Healthcare facilities have made major changes to their departments during the COVID-19 pandemic.
Nonessential department leaders have worked to shift their employees to emergency and ICU areas to combat COVID-19.
Assistant Nurse Manager of the Post Anesthesia Unit (PACU) Keisha Franks said, “I’ve had to deploy my team members to other areas to help in the hospital. I have nurses that have come to me from the emergency room, from the ICU, and they have various backgrounds. This is a time that we’ve called upon their backgrounds to go and help their fellow coworkers to help within the hospital.”
As patients and employees enter the hospital, they are screened daily and given a new sticker to indicate whether they are potentially COVID-19 positive or not in order to separate and reduce risk of spread.
If a patient exhibits symptoms of COVID-19, they are placed into specified and secure coronavirus areas.
If an employee exhibits symptoms of COVID-19, they are sent home to self quarantine for 14 days before they are allowed to return to work.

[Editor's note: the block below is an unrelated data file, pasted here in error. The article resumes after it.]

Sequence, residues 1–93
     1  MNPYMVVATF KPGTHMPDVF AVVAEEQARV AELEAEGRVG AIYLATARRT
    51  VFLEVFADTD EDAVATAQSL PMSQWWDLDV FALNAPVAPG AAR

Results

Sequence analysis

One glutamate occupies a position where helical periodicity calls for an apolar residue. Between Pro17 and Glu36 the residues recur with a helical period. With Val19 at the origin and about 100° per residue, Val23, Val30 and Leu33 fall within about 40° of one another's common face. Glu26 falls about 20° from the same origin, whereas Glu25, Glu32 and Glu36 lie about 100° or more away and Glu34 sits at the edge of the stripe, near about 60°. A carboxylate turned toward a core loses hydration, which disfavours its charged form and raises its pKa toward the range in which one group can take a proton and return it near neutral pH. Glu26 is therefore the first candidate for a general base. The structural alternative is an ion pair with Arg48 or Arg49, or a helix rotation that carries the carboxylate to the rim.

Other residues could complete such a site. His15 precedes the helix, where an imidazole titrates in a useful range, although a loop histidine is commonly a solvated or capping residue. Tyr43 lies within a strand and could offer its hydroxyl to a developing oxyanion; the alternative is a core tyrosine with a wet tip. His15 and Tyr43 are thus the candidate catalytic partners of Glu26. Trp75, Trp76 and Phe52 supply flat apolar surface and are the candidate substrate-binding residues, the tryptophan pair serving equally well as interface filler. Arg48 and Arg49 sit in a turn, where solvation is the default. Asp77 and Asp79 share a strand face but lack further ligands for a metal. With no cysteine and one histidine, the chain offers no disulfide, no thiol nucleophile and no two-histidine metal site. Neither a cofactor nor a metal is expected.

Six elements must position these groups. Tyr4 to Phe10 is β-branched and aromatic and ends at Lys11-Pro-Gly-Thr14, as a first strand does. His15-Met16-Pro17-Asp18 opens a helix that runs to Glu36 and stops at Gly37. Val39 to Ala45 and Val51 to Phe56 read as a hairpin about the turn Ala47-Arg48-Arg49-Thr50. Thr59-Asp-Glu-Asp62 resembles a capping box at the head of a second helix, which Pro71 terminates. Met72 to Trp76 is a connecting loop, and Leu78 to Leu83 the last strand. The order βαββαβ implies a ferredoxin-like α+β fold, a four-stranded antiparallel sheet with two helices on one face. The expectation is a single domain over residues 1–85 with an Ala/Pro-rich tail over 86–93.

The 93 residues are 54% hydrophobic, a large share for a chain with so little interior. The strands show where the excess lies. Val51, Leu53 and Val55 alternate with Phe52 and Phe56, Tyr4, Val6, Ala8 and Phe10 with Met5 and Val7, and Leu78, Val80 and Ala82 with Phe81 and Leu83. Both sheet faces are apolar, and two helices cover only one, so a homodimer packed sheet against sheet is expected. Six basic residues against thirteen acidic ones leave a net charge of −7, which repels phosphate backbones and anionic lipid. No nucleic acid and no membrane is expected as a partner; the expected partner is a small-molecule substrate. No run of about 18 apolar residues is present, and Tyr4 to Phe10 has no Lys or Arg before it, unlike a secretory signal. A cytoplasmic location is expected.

Non-life threatening surgeries have been cancelled, visitors are not allowed to visit in any parts of the hospital and PACU and other procedural areas have been turned into intensive care units to ensure safety and avoid spread to others in the hospital.
Tulane Medical Center Cath Lab Nurse Alessandra Pons said,“If in which some of my coworkers are pregnant or amino suppressed, they’re not in immediate direct care of COVID positive patients which is something we don’t want to subject our other patients to. We don’t want to subject our staff necessarily to as well. We’re trying to keep everyone as safe as possible.”
Due to these changes, hours have been altered for healthcare workers where they’ve been asked to leave early or not come in at all to avoid spread.
Fear of spread and uncertainty has caused healthcare employees to resign in concern of their own health and the safety of their families after ting returning home from a shift.
Despite the circumstances, communities have worked together to support frontline medical staff by donating food, money, clothing and medical supplies.
On April 1, frontline medical staff communicated through social media to light a candle in front of their homes to unite and support one another.
On April 9, LSU lit the Tiger Stadium blue to honor frontline medical staff all over the world.